PAKISTAN CRISIS by David Loshak

PAKISTAN CRISIS

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KIRKUS REVIEW

On the face of it, London Daily Telegraph correspondent Loshak's timing could not have been worse. Because his account of the Pakistan situation terminates with the events of October 1971 -- after President Yahya Khan's bloody repression of the East Pakistani disorders but before the emergence of secessionist Bangladesh as a result of the December war with India -- Loshak spends much time in the latter chapters discussing matters which are no longer moot; in addition, he sometimes proves a poor prophet, e.g., ""With India now restrained by Russia through the new mutual-defense treaty, there is little chance that India (might seek) to superimpose a military solution of her own."" But this is not to say that Loshak's analysis lacks all merit, nor that it will not interest students of contemporary Asian politics. With the experienced journalist's knack for condensing but not unduly oversimplifying the matrix of complicated, interconnected issues and events, Loshak provides a valuable overview of Pakistan's ""sad history"" -- a fledgling nation rent geographically at the outset by politically expedient partition, rent diplomatically by the problem of Kashmir (""which started the rot""), rent religiously by hatreds centuries old (""Hindus worship the cow; Muslims eat it""), and more recently the East Wing decimated not only by unprecedented floods and cyclones but Yahya's insensate subjugation of breakaway nationalism, ""a bloodbath more methodical, planned, and ruthlessly executed than any in modern times since the Nazis."" Loshak also offers some controversial, albeit convincing, assessments of the political leadership on both sides, putting down the still imprisoned Bengali nationalist Sheikh Mujib (he lacks a basic political philosophy and hasn't ""even the haziest ideas of how he would conduct a government""), sees Z. A. Bhutto who is currently forming the new Pakistani government as being distrusted by the army ""even as it uses him,"" and believes that General Tikka Khan (not Yahya) was the real strong man of the now toppled regime. Thus, despite the rather obdurate fact that Mrs. Gandhi tripped up Loshak (along with a tot of other people), this is a useful background study of what continues to be the Pakistan crisis.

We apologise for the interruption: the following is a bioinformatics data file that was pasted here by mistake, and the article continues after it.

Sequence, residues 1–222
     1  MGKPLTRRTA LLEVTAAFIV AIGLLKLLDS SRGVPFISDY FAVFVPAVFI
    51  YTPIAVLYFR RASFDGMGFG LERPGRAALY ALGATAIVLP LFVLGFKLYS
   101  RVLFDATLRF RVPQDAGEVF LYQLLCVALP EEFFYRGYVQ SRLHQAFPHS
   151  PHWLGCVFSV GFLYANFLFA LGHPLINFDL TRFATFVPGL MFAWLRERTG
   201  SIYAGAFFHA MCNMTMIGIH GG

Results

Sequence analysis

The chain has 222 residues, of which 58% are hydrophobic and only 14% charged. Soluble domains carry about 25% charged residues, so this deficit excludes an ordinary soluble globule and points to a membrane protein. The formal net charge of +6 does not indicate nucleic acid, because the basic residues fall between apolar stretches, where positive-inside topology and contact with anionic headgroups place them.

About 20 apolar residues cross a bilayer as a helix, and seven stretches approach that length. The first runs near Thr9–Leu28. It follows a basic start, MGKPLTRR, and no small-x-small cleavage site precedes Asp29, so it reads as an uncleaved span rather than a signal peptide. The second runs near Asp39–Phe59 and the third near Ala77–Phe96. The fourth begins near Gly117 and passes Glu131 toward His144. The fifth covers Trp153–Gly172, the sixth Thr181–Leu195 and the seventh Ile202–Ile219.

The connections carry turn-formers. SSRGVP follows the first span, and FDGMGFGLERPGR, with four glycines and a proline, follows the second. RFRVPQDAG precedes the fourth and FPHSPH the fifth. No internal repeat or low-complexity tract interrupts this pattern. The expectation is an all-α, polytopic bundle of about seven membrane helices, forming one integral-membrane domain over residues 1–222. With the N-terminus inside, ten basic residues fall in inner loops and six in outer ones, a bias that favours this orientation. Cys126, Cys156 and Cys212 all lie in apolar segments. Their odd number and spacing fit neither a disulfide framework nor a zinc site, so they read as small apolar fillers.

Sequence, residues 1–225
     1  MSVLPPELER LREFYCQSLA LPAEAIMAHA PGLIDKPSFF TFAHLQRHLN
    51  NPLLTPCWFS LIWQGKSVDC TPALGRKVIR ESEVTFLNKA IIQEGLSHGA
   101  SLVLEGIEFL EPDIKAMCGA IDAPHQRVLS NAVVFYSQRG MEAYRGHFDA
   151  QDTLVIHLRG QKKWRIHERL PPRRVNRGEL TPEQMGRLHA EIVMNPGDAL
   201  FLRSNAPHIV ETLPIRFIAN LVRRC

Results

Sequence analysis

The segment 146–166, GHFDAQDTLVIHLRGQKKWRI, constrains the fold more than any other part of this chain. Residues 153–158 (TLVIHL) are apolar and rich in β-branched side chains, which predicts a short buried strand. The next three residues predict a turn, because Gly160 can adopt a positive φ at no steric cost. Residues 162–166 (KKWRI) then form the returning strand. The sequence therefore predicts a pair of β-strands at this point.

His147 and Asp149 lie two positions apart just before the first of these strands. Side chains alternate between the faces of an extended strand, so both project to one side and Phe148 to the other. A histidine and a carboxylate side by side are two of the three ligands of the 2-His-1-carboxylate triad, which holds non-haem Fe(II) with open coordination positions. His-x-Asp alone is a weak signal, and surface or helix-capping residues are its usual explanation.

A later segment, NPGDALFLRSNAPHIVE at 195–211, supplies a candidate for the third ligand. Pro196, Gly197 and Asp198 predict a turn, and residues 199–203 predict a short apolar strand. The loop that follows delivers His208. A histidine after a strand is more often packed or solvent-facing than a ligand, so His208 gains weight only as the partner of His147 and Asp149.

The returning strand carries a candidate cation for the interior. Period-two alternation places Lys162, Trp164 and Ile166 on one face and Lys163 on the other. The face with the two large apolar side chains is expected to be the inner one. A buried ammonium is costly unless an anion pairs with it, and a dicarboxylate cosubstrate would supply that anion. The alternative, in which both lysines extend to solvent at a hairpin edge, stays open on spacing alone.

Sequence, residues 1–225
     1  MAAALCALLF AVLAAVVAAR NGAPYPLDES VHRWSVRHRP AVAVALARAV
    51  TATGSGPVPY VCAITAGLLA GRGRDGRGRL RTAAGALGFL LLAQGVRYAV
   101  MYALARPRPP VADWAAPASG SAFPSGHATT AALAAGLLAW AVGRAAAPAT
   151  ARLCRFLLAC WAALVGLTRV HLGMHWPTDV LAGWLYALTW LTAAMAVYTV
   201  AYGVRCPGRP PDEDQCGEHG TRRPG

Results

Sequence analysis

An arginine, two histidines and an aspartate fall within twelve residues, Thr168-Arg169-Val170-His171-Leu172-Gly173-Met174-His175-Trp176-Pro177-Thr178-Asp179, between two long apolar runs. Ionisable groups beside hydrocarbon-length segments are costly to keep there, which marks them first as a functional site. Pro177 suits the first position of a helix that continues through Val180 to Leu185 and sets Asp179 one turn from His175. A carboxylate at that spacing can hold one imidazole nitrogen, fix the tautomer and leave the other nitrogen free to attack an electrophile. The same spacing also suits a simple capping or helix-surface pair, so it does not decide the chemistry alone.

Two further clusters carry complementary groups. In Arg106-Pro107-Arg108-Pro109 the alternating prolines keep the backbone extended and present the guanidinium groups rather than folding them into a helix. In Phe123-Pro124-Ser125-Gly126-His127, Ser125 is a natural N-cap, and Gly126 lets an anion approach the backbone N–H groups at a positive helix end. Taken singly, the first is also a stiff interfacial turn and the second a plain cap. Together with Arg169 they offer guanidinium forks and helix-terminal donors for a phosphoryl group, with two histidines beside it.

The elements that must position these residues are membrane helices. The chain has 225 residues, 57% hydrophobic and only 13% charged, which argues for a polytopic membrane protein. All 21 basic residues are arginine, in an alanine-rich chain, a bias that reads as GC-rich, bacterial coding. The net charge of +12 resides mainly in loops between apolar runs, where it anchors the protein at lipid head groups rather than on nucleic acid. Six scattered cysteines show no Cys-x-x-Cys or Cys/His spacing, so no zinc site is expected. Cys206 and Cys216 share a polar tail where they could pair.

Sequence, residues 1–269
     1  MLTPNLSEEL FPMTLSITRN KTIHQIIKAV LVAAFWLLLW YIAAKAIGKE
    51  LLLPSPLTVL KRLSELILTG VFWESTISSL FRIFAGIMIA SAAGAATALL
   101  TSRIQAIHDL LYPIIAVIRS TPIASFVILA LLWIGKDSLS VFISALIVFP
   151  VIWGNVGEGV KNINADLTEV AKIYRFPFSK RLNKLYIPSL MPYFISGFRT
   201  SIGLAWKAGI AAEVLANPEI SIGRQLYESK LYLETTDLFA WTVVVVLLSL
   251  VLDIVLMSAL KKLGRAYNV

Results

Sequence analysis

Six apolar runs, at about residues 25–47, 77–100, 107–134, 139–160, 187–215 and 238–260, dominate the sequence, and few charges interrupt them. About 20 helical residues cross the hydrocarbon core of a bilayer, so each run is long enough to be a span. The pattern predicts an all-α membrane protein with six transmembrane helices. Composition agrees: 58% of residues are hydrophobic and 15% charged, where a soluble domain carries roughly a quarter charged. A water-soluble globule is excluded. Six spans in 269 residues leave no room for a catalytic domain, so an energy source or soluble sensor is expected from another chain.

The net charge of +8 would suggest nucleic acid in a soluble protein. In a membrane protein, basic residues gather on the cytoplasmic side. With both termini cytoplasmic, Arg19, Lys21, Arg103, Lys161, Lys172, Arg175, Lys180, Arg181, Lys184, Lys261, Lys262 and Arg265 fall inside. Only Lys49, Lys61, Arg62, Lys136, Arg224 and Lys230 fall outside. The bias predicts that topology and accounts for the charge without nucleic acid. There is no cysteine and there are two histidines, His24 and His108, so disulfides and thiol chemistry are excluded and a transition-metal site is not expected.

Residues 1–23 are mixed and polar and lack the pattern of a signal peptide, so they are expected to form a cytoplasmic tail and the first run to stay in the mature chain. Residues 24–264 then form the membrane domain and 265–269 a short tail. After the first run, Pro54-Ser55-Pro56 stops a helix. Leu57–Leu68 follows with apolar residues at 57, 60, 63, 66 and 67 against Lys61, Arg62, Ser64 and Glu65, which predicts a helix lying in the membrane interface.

Pub Date: Feb. 29th, 1972
Publisher: McGraw-Hill